The Lookout
  • Kevin CooperLately we've been telling you about an unusual effort in Texas to challenge the constitutionality of the death penalty. Defense lawyers, backed by anti-death-penalty advocates, have been arguing to a judge that the Lone Star State's death-penalty system leaves too high a risk of executing innocent people -- and they point to two recent cases in which evidence has emerged suggesting that's exactly what may have happened.

    But that problem may extend beyond Texas. New York Times columnist Nicholas Kristof wrote today about the case of Kevin Cooper, a black man convicted of murdering a white family in 1983 who faces death by lethal injection in California next year. There's a slew of evidence suggesting that the police decided early that Cooper was guilty, then actively buried or ignored evidence that undermined their thesis. As Lanny Davis, the former Clinton White House counsel who's defending Cooper pro bono, puts it: "My simple theory: heinous brutal murder of white family and black

    Read More »from Death penalty opponents claim California may execute an innocent man
  • ‘Don’t ask’ repeal dies in Senate

    AP101115158228The repeal of the military's ban on openly gay service was defeated today after a deal between GOP Maine Sen. Susan Collins and Democratic Majority Leader Harry Reid broke down publicly on the Senate floor.

    "I'm perplexed and frustrated that this particular bill is going to become a victim of politics," Collins said on the floor, after Reid would not agree to four days of debate on the bill and to allow Republicans to offer 10 of their own amendments.

    Collins still voted yes to begin debate on the defense authorization bill. But GOP Sens. Scott Brown and Lisa Murkowski, who indicated they would vote for the bill if Reid agreed to Collins' plan, voted no. Democratic Sen. Joe Manchin also voted against debate, leaving only 57 senators who voted for debate, three shy of the 60 needed to prevent a Republican filibuster. (UPDATE: Independent Sen. Joe Lieberman says he will introduce a stand-alone bill to repeal "Don't ask" this year.)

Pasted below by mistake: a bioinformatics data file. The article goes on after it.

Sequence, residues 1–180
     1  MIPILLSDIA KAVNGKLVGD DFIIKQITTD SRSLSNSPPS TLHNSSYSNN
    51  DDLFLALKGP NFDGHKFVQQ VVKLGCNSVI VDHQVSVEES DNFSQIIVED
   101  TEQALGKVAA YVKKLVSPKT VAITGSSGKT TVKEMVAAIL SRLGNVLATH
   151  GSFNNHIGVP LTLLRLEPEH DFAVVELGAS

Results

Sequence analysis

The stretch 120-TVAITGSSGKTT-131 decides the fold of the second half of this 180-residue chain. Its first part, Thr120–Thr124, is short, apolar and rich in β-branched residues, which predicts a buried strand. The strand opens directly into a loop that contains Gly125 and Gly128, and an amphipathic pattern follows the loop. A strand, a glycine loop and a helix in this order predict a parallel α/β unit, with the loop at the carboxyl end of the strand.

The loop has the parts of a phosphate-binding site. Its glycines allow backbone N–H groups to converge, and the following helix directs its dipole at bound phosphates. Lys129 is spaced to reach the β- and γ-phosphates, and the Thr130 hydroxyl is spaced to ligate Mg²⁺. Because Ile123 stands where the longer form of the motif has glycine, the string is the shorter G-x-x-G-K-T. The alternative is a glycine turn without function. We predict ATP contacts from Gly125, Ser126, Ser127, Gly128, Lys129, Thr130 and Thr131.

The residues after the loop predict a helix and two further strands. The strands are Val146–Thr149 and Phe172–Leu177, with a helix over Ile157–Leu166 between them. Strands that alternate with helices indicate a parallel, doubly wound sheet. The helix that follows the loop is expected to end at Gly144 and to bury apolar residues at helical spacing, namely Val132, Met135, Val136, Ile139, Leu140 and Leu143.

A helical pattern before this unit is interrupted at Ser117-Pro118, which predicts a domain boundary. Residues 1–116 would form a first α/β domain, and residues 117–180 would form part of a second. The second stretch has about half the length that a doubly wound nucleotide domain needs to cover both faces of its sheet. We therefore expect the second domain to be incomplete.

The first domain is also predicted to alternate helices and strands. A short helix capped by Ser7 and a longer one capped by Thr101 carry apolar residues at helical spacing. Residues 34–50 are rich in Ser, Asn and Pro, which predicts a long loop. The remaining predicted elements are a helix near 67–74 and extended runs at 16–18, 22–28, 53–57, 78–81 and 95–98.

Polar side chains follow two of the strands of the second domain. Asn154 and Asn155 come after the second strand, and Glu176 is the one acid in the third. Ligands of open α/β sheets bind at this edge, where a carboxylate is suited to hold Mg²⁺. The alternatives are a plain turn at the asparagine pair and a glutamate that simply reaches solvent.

Read More »from ‘Don’t ask’ repeal dies in Senate
  • 106890920You know what's cool? Giving away a billion dollars.

    That's the message Facebook co-founders Mark Zuckerberg and Dustin Moskovitz, both in their 20s, sent when they announced a jaw-dropping commitment to give away at least half of their total wealth to charity over their lifetimes. The pair join the distinguished company of (comparatively) elder philanthropic statesmen Warren Buffett and Microsoft founder Bill Gates in their pledge to make the world a better place by giving away their cash rather than passing it all on to heirs.

    The Facebook titans are part of a new, young generation of entrepreneurs who made their wealth very early in life. This move signals to their peers -- and those who want to be their peers -- that it's important to be precocious in philanthropy as well as in business. The effect on young entrepreneurs will be enormous, say two people in the young tech crowd.

    Thayer Walker, the spokesman for a group that brings together young entrepreneurs called the Summit Series, tells The Lookout the move will have a "huge" impact on the group's members. (Among those involved: Evan Williams, the founder of Twitter.)

    Read More »from Zuckerberg’s charity vow turns up heat on young tycoons

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